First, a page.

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Cultural-Historical Psychology

Publisher: Moscow State University of Psychology and Education

ISSN (printed version): 1816-5435

ISSN (online): 2224-8935

DOI: http://dx.doi.org/10.17759/chp

License: CC BY-NC 4.0

Started in 2005

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Everyday Life Discourses in Kindergarten 1897

Schei T.B., Doctor artium, Associate professor, Faculty of Education, Bergen University College
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In this article kindergarten as an arena for cultural formation will be discussed by highlighting three exam­ples from routines and everyday life in a kindergarten1. Seemingly insignificant activities are placed on the agenda. Such activities in kindergarten might be loaded with critical knowledge about formatting processes, processes about how kindergarten as an institutional space with its "inhabitants", with its artifacts, its rules, regulations and curricula constitute an arena for cultur­al formation.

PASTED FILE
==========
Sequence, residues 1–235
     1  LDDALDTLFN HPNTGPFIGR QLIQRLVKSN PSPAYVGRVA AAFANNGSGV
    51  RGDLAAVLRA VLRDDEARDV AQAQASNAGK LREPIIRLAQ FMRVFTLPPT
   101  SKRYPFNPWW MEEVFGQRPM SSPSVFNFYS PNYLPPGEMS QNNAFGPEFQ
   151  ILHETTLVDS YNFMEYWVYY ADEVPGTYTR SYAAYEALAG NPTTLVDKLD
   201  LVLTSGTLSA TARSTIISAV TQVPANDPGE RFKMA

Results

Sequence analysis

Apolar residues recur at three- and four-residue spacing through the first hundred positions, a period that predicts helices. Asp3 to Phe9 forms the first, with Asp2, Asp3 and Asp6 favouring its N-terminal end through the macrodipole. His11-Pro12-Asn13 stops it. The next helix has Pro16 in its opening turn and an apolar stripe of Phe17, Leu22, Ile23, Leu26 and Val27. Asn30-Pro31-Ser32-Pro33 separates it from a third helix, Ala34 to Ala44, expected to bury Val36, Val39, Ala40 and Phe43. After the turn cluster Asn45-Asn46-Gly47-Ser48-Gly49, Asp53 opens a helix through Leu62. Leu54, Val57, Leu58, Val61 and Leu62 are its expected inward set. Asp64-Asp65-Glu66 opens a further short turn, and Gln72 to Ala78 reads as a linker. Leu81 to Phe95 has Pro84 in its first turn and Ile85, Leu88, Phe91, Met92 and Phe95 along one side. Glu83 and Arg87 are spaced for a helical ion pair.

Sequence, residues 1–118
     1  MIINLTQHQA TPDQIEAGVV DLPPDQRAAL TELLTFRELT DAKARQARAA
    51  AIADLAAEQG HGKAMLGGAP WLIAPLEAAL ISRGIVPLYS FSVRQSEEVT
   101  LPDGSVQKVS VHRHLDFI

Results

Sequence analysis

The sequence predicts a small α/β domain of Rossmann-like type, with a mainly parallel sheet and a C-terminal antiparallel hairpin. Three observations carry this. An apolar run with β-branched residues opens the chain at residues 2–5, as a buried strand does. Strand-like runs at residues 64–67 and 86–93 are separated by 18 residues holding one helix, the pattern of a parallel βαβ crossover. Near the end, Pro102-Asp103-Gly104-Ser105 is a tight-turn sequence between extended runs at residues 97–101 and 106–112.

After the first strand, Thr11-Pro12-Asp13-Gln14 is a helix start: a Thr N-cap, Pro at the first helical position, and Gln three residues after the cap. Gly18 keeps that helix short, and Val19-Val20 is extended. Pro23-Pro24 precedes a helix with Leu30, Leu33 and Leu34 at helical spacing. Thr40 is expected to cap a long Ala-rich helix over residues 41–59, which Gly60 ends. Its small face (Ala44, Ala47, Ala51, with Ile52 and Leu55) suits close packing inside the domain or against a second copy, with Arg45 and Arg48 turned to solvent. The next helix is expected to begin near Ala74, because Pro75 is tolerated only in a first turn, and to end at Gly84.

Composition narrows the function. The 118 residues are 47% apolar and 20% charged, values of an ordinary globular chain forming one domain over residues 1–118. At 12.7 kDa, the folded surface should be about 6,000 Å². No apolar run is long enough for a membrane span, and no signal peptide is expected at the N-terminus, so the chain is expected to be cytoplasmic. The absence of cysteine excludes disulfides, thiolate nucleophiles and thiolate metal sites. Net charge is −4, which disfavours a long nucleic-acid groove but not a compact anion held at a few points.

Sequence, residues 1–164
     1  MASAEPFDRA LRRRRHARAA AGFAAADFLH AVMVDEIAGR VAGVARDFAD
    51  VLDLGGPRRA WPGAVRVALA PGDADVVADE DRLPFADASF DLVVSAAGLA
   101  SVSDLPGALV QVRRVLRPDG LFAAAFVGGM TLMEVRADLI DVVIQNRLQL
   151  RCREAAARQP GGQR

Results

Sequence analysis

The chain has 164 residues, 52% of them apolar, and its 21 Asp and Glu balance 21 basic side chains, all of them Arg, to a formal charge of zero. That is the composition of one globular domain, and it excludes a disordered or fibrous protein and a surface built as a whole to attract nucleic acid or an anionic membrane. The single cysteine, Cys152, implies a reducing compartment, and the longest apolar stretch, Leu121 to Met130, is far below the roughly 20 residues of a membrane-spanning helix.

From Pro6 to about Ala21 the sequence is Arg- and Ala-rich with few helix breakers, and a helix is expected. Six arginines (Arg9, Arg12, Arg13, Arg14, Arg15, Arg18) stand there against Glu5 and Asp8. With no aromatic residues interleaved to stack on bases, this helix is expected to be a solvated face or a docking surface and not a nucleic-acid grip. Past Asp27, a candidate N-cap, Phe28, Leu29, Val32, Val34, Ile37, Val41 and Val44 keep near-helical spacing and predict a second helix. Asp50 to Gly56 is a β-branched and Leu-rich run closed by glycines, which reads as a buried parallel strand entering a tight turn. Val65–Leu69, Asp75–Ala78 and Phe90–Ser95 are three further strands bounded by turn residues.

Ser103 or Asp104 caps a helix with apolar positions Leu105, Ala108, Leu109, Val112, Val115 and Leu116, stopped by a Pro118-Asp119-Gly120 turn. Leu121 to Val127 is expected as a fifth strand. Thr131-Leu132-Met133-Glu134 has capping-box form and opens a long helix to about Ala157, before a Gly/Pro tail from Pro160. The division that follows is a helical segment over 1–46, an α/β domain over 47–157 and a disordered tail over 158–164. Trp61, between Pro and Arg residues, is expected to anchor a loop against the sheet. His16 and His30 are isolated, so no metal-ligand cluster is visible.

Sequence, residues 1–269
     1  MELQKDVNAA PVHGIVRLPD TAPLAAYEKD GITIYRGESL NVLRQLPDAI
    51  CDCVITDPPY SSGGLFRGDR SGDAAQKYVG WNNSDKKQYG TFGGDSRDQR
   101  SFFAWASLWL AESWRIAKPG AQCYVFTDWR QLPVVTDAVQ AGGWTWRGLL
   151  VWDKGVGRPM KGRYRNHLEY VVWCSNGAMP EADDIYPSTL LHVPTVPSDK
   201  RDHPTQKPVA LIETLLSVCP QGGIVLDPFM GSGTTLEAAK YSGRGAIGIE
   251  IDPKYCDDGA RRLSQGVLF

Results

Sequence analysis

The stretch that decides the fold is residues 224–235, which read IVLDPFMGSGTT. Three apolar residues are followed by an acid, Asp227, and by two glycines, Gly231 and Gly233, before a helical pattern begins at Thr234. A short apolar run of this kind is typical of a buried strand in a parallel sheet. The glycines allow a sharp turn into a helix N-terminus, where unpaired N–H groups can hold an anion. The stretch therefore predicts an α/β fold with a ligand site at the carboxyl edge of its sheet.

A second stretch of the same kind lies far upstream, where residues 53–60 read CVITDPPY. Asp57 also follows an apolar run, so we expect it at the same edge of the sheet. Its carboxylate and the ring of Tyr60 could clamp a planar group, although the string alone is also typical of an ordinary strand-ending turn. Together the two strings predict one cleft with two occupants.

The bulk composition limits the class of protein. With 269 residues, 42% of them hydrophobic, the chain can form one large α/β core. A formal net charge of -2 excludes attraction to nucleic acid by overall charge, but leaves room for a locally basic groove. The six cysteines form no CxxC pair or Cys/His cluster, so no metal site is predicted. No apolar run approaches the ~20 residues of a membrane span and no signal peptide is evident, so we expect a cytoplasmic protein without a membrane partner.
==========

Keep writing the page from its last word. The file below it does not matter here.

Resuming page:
The following three examples represent the frame­work for the article:
When the oneyearold children see plates and cups being put on the table, they run towards their teacher to help her.
When Peter and his oneyearold mates enter the room where the weekly music session takes place they immediately start to slap their hands on their thighs. Tom, the teacher2, follows up and sings the welcome song in which the thighslapping is an important ele­ment, together with the children.
When the teacher registers that it is 11 o'clock, she starts to prepare the children for their daily sleep in their prams in the outdoor area.
The article has two agendas. The first is to reveal what kind of knowledge might be embedded in these examples. The other is a methodological one, claiming discourse analysis to be suitable for illuminating daily practices in kindergarten as representing dominating discourses about kindergarten practice. What can be learned from highlighting details and analyzing them from a discourse theoretical perspective?
The discursive perspective, with use of key concepts from the French philosopher Michel Foucault, will be outlined before the examples are discussed.

A Foucauldian perspective